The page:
Conquering Cervical Cancer

CDC recommends screenings and vaccination
Author: Sarah M. Aldridge, MS

Although cancer is a mighty foe, some types can be conquered. One of those types is cervical cancer. According to the US Centers for Disease Control and Prevention (CDC), 93% of new cervical cancers could be prevented by routine screening and vaccination. A CDC Vital Signs report in November 2014 stated that 8 million women ages 21-65 did not get screened in the five-year period ending in 2012. Of those, more than 70% had health insurance and a regular physician. With an estimated 10,000 new cases of cervical cancer diagnosed yearly in the US, it’s time to do something about it.

If you’re not sure what cervical cancer is or how it spreads, read on. If appropriate, make an appointment with your ob/gyn to get screened, tested and treated.

The virus-cancer connection

The cervix is the lower part of the uterus, connecting it and the vagina. Cervical cancer develops from an infection by the human papilloma virus (HPV). HPV belongs to a family of more than 100 viruses, a dozen of which cause papillomas, or warts, in genital areas. 

HPV spreads when a person has skin-to-skin sexual contact with an infected individual, typically during vaginal, oral or anal sex. The CDC estimates that ¾ of adults who have had sex will get an HPV infection in their lifetime. In most cases, the immune system destroys HPV and there are no lasting effects.

After infection, cervical cells do not suddenly become cancerous. Instead, changes occur slowly, often taking years to develop. Further, pre-cancerous cells can revert to normal cervical cells.

However, the American Cancer Society (ACS) says certain HPV strains, or genotypes, are high risk, causing chronic infections in about 10% of infected women. Nearly 70% of all cervical cancers are caused by two genotypes: HPV 16 and 18.

If you have a chronic infection, HPV penetrates deeper into cervical cells. Cells that break free can travel in your bloodstream or lymph to other sites, such as the lungs, liver or bones. At these distant locations, new cells and tissues can become infected, resulting in tumors.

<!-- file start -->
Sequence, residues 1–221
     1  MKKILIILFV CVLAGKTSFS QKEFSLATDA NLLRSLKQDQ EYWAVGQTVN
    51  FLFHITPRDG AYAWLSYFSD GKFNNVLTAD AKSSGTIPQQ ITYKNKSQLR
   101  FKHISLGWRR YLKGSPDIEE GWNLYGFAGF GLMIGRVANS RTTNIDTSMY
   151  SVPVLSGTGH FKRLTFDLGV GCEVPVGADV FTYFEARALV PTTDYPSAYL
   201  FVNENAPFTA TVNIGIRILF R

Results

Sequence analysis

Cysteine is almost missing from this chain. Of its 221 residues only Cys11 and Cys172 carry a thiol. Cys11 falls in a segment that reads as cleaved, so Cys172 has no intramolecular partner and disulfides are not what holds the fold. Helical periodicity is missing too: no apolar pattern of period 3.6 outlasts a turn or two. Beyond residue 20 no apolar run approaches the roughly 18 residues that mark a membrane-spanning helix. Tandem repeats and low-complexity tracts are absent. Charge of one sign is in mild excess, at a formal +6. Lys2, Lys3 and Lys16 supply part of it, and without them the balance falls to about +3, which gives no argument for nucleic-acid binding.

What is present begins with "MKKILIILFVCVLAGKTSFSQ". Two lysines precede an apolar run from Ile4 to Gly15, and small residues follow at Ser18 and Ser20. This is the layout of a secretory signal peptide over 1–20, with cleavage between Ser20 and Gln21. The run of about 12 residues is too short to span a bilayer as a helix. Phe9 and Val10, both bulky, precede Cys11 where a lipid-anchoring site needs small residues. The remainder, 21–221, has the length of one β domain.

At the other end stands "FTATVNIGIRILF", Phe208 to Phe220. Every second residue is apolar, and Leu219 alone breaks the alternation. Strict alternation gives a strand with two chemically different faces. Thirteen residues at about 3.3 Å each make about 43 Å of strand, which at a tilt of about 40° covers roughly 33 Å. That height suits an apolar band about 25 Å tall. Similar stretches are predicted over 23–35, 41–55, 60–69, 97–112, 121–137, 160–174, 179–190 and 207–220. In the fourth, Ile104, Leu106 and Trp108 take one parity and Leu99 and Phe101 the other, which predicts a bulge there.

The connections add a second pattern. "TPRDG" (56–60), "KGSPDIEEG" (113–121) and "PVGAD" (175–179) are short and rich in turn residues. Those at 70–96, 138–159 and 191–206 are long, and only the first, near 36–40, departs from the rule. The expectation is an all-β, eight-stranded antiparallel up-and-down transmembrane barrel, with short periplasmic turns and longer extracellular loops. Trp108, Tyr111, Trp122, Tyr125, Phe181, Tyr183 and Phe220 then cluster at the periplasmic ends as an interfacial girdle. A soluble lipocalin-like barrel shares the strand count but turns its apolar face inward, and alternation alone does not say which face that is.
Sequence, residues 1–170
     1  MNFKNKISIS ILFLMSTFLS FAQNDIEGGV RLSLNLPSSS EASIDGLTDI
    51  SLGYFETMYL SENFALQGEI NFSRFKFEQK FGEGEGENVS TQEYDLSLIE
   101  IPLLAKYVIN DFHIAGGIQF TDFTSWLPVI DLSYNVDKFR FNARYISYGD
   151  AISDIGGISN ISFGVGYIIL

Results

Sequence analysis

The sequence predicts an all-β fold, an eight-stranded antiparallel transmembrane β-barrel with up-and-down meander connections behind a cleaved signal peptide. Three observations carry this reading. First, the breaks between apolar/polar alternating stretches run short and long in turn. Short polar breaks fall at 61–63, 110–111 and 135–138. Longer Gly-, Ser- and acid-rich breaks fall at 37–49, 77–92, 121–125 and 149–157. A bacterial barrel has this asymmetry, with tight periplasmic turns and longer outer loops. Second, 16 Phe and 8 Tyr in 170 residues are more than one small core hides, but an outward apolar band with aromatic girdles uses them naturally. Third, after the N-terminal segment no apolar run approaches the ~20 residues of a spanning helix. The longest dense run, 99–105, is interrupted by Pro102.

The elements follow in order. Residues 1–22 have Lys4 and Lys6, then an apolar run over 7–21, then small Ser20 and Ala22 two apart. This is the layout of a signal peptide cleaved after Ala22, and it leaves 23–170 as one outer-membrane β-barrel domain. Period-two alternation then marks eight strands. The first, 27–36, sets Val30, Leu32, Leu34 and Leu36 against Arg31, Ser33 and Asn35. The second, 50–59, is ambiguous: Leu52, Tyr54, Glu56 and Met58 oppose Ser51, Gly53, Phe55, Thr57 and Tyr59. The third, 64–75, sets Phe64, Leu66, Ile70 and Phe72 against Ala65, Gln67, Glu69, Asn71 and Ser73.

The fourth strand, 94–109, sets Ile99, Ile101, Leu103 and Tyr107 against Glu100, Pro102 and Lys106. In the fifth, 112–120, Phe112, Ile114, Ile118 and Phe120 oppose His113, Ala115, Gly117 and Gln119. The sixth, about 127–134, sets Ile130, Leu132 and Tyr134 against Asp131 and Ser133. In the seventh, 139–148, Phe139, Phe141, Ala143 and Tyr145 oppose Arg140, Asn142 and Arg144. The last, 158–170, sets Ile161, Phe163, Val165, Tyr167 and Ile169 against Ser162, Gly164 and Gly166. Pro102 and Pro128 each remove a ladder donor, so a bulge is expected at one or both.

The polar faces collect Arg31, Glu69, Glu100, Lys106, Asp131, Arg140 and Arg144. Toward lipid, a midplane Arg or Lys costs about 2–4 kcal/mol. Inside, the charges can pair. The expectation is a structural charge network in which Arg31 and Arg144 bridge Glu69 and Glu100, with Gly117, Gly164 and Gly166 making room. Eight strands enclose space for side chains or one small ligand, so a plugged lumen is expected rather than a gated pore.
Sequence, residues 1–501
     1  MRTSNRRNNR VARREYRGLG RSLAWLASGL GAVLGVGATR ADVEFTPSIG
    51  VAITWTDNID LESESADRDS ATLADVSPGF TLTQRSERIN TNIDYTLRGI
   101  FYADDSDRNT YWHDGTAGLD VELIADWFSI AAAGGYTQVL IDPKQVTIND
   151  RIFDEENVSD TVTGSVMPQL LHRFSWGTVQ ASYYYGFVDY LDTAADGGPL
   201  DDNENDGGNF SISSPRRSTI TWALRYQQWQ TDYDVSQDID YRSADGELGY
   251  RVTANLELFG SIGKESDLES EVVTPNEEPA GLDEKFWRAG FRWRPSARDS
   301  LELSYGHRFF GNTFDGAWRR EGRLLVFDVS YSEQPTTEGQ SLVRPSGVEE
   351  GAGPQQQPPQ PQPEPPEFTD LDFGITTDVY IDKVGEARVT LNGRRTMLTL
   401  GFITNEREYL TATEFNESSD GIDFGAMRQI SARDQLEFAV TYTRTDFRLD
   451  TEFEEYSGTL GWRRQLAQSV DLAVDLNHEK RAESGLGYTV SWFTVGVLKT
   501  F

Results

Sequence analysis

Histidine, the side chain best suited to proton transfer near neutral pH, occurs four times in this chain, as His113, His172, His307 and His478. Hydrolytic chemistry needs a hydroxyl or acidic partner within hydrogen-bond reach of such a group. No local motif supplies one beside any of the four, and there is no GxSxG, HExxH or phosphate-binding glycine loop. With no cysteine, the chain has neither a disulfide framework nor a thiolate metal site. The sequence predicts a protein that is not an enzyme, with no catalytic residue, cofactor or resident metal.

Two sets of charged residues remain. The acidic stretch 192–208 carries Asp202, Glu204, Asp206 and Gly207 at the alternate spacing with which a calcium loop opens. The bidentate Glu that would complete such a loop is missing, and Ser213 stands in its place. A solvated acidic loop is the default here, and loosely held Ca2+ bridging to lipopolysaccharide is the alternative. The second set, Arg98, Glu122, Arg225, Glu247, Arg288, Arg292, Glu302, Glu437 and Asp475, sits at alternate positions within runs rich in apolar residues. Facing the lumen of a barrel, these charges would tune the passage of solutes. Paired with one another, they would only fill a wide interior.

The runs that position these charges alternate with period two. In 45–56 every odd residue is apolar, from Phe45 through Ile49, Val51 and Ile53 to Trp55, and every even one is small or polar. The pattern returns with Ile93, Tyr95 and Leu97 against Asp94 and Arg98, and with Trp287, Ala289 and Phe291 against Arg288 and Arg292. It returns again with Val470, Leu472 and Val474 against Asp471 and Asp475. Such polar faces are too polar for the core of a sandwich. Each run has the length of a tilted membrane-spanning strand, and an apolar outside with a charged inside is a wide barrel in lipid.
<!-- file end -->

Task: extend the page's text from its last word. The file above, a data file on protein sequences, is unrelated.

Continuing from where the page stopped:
Who’s at risk

Risk factors that increase your chance of HPV infection becoming cancerous include: 

  • family history
  • cigarette smoking 
  • being overweight 
  • long-term use of oral contraceptives 
  • taking immunosuppressant drugs

Sexually active women younger than 30 who have had many partners are also at increased risk for cervical cancer.

The link between smoking and cervical cancer is found in the chemicals in tobacco, says the ACS. When you inhale a stream of smoke, your lungs absorb the chemicals, which are then carried in the blood to other body parts. The chemicals damage cells either directly or indirectly. It is thought that tobacco by-products, found in the cervical mucus of women smokers, damage the DNA of these cells. The other possibility is that smokers’ immune systems are less capable of fighting HPV infection.

Symptoms, if any

The problem with cervical cancer is that in the early stages there are no symptoms. After HPV spreads to other tissues, you might experience the following: 

  • abnormal vaginal bleeding or discharge after intercourse, between periods or during menopause
  • menorrhagia (longer, heavier periods)
  • pain during intercourse
  • pelvic pain

Testing

A Pap test can detect pre-cancerous changes in cervical cells and the presence of HPV. Your ob/gyn will use an instrument to scrape cells from the lining of your cervix. Viewing the cells under a microscope can help your doctor detect any changes. 

If you have a bleeding disorder, ask the nurse at your hemophilia treatment center (HTC) if you need a form of prophylaxis before your Pap test. (Read “An Ounce of Prevention,” HemAware Winter 2012)

Preventing, protecting

The goal of cervical cancer awareness is to prevent infections. The CDC now recommends that girls get vaccinated against HPV at age 11 or 12, before they’re likely to be exposed to the virus. Merck’s Gardasil® protects against HPV genotypes 6 and 11 (the most frequent causes of genital warts), and genotypes 16 and 18. It helps prevent cervical cancer; cancers of the anus, vagina and vulva; and genital warts. GlaxoSmithKline’s Cervarix®, for girls and young women ages 9-25, helps prevent cervical cancers caused by HPV genotypes 16 and 18. 

Both vaccines are given in a series of three injections over a 6-month period. The ACS warns that no HPV vaccine conveys complete protection against all genotypes that can cause cervical cancer. You will still need screening after you’ve been vaccinated.

In April 2014, the US Food and Drug Administration (FDA) approved the use of the cobas® HPV test to screen for primary cervical cancer in women 25 and older. It identifies 14 HPV genotypes, including 16 and 18. (Read “New Approval for HPV Test,” HemAware Summer 2014)

When you schedule your next ob/gyn appointment, make a note to yourself about being tested for HPV. If you catch cancer early, you can be the conqueror.